Snake bites can cause a variety of clinical signs depending on several factors. This includes the species of snake, type of venom, location of the bite, and severity of the envenomation. We have included a variety of photos of dogs that have been bitten by snakes.
This is an example of a dog that has been bitten on the foot by an unknown snake. You can see the two puncture sites from the fangs:
This is a dog developing facial swelling after a snake bite.
The dog in this photo was bitten in the face by a rattlesnake:
This is an image of a dog bitten by a rattlesnake that has significant facial swelling and bleeding from her eye:
The dog in this image developed a necrotic wound after being bitten by a rattlesnake:
This dog required amputation after being bitten by a venomous Adder:
Another dog with significant bruising after an Adder snake bite:
Snake bite picture on a dog’s leg:
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Is it a snake bite or something else?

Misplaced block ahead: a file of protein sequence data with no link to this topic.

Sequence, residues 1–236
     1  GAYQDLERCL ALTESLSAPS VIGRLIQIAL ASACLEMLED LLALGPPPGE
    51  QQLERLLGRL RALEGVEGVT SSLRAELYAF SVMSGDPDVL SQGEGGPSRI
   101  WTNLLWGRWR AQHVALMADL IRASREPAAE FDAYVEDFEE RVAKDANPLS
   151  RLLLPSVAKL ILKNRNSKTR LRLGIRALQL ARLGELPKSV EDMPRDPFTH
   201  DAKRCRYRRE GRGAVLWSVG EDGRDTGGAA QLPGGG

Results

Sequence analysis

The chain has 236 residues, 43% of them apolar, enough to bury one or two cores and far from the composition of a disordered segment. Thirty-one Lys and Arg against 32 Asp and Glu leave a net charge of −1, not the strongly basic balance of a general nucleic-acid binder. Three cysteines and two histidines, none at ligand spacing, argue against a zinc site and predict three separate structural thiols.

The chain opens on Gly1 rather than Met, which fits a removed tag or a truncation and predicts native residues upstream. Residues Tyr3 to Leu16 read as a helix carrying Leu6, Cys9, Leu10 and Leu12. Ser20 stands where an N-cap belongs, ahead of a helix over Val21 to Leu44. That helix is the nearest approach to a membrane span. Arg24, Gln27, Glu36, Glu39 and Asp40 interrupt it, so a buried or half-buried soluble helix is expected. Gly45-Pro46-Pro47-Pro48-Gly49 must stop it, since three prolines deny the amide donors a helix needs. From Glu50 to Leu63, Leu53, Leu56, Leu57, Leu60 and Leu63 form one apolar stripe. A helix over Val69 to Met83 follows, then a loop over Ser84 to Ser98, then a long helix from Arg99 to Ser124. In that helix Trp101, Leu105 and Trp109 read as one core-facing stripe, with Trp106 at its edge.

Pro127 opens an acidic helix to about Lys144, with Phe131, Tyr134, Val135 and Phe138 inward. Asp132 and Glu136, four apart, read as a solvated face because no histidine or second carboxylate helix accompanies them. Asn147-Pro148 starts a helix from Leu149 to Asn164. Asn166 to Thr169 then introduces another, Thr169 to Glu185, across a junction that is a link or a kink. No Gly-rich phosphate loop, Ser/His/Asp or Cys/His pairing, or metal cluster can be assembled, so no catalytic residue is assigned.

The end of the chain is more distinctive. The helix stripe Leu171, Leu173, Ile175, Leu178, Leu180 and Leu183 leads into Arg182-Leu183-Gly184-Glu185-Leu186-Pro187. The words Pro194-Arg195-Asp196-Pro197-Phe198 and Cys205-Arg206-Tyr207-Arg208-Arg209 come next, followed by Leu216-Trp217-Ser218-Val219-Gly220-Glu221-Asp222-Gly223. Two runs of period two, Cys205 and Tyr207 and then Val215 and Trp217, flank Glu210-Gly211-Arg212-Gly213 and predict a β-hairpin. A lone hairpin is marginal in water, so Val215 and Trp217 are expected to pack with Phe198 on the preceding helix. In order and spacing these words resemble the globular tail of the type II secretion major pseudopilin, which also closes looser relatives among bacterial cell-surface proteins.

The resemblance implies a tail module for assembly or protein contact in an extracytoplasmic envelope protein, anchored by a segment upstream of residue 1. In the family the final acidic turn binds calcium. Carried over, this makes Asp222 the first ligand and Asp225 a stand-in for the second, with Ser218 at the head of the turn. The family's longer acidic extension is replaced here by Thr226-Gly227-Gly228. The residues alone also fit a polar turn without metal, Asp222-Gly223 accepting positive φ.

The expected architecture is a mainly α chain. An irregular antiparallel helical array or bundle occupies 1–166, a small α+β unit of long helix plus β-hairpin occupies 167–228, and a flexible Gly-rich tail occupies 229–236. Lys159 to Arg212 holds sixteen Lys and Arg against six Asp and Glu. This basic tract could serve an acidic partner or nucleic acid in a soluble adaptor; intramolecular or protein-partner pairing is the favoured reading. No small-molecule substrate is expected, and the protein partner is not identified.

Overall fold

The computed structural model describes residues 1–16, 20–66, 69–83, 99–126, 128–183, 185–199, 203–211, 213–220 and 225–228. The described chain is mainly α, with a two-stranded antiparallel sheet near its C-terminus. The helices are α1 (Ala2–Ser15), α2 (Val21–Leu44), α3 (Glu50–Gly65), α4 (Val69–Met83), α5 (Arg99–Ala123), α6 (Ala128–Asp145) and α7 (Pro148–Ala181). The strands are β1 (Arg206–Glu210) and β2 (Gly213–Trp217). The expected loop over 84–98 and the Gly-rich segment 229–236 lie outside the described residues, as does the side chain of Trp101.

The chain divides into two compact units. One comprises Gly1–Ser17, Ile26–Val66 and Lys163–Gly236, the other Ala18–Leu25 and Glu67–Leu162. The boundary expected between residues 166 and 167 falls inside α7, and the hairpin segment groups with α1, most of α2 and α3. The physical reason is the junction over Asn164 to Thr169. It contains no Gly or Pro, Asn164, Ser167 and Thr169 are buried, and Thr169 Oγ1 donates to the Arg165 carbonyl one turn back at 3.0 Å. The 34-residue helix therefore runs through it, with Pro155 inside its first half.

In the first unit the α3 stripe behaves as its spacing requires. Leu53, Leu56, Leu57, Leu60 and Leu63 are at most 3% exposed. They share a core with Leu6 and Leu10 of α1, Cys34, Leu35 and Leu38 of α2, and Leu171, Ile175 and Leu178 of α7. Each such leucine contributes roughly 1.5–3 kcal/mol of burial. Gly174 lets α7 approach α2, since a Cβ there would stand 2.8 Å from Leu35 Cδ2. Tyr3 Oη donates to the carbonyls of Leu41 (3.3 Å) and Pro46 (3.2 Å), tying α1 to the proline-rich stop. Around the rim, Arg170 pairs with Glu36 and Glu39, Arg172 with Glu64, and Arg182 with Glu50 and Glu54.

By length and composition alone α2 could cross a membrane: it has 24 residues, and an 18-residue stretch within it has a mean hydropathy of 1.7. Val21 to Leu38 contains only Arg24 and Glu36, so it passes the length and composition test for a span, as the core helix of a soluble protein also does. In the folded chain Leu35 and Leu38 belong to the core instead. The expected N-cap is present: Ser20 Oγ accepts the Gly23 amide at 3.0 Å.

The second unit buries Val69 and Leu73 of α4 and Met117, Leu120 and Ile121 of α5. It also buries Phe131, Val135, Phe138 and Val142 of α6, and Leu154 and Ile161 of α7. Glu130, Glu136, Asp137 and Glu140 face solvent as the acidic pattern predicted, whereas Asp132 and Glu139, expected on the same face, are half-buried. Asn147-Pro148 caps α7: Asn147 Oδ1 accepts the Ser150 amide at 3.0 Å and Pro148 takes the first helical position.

Many snakebites are unwitnessed, leaving pet owners only wondering what could have happened. A variety of other conditions can resemble snake bites, so we have included several photos of these below.
Anaphylaxis – This is a severe allergic reaction characterized by hives, facial swelling, vomiting, diarrhea, and collapse.
Spider Bite – Spiders have venom similar to snakes but are often less likely to cause life threatening illness. Spider bites can cause tissue swelling and necrosis, like some snake bites:
Bee Sting – Dogs love trying to eat bees and often get stung in the face. This can lead to hives and severe facial swelling secondary to an allergic reaction.
Cellulitis – This is a condition of severe infection/inflammation of the skin. Clinical signs can mimic a snake bite with severe swelling and oozing.
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